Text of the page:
The British Empire
When the British Empire was at its height in the early 1900s, it included over 20 percent of the world’s land area and more than 400 million people—the single largest empire in the history of the world since time began. This remarkable achievement by a country half the size of France, was a tribute to the superb organizational skills of the White empire builders of that nation: the saying that the “sun never set on the British Empire” was very close to the truth: because of its geographic spread, some territory, somewhere, was always in the daylight hours.
This astonishing empire was never undone in the way that the Roman Empire was: instead it dissolved peacefully, by mutual consent, and the British, apart from creating the world’s largest empire, also had the privilege of being the only empire builders not to be destroyed in their far flung empire itself.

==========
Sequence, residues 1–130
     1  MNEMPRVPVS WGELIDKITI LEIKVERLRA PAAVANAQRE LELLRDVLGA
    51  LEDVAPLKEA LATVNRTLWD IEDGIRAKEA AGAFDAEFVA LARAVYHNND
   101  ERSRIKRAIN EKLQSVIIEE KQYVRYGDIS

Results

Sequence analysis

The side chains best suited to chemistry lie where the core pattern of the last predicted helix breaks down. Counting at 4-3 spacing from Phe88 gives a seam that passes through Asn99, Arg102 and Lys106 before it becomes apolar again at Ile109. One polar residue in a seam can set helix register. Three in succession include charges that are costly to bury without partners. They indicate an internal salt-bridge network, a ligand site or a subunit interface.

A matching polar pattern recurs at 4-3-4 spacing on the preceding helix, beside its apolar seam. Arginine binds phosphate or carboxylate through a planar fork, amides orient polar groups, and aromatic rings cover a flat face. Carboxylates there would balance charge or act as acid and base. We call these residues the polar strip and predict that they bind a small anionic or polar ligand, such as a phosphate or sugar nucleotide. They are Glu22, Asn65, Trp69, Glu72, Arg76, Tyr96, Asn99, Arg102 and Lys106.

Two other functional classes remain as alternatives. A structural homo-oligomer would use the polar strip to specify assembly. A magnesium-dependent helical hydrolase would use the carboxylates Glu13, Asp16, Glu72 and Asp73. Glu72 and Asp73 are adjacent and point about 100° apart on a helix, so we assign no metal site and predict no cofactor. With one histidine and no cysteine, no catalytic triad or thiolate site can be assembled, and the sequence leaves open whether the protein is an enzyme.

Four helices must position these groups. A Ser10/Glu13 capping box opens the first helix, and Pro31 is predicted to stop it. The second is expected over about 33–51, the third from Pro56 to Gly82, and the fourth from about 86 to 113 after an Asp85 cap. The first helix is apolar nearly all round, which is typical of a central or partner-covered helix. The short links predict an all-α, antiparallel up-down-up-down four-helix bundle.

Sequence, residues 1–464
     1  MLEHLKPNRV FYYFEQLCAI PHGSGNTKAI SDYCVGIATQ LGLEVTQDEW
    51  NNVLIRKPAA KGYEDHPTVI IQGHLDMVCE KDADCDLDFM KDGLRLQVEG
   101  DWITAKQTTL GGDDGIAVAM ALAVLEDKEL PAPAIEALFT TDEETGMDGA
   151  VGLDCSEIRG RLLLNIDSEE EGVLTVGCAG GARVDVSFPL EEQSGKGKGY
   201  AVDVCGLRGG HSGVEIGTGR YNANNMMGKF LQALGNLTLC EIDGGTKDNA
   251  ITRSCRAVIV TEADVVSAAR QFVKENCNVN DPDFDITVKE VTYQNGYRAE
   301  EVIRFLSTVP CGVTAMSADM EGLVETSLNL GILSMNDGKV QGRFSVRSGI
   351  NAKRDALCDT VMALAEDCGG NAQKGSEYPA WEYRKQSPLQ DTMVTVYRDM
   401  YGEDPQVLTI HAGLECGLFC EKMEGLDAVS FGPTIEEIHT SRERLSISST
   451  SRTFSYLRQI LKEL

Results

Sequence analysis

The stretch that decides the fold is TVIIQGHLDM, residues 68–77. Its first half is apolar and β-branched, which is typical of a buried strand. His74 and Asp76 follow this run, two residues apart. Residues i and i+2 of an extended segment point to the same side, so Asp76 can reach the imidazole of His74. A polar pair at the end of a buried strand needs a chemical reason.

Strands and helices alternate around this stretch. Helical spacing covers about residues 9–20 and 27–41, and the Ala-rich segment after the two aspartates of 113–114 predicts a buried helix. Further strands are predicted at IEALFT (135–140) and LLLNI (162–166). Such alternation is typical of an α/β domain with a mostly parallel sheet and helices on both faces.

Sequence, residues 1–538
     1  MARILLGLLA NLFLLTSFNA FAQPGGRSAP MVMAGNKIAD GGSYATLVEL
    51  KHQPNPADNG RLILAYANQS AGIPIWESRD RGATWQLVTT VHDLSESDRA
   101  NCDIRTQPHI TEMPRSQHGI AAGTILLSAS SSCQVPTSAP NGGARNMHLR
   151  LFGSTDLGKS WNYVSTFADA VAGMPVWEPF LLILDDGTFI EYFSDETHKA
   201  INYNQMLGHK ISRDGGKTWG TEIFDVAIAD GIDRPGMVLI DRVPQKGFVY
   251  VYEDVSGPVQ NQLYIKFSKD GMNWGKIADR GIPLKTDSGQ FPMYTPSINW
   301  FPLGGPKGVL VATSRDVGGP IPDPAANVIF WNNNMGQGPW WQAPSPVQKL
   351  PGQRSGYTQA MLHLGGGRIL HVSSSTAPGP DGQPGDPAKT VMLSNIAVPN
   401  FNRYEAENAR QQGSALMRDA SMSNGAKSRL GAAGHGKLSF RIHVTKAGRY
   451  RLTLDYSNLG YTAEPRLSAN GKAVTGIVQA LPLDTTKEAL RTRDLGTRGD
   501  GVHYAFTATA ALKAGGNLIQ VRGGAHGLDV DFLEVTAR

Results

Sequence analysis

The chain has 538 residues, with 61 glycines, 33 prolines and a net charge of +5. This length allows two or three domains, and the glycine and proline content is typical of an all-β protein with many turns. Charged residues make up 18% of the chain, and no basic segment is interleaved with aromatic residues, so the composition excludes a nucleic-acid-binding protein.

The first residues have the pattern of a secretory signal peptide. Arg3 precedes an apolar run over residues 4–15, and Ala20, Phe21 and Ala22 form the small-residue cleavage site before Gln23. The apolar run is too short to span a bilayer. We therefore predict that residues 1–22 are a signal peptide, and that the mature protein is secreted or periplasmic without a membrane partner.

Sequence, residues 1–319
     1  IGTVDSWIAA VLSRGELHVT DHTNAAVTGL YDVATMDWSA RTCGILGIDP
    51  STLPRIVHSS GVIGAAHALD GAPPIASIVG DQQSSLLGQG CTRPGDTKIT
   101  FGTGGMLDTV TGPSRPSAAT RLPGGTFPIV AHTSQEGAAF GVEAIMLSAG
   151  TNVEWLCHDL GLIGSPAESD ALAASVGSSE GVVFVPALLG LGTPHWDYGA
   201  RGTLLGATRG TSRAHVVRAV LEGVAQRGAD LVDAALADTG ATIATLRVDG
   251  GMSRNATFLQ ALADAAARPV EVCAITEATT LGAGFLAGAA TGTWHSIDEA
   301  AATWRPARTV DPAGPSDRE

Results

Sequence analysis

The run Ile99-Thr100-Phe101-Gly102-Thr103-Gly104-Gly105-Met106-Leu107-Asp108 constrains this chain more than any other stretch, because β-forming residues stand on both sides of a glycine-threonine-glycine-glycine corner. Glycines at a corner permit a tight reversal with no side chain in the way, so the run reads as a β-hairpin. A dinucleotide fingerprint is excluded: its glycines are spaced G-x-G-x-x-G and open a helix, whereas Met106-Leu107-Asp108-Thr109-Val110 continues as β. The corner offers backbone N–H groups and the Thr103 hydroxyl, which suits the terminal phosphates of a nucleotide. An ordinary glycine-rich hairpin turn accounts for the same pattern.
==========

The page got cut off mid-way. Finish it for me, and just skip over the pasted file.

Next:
The British Empire only finally started dissolving after the First World War, with the process being speeded up dramatically in the aftermath of the Second World War. The primary reason for the dissolution of the empire was economic and political rather than racial: after the Second World War, Britain was simply too impoverished to continue holding on to an empire created in a previous century, and it was easier to grant independence to the far flung colonies, especially when some of these turned violent.
The process of decolonization is reviewed later: suffice to say here that the dissolution of the British Empire eventually led to waves of Third World immigrants settling in Britain itself, the consequences thereof being dealt with later in this book.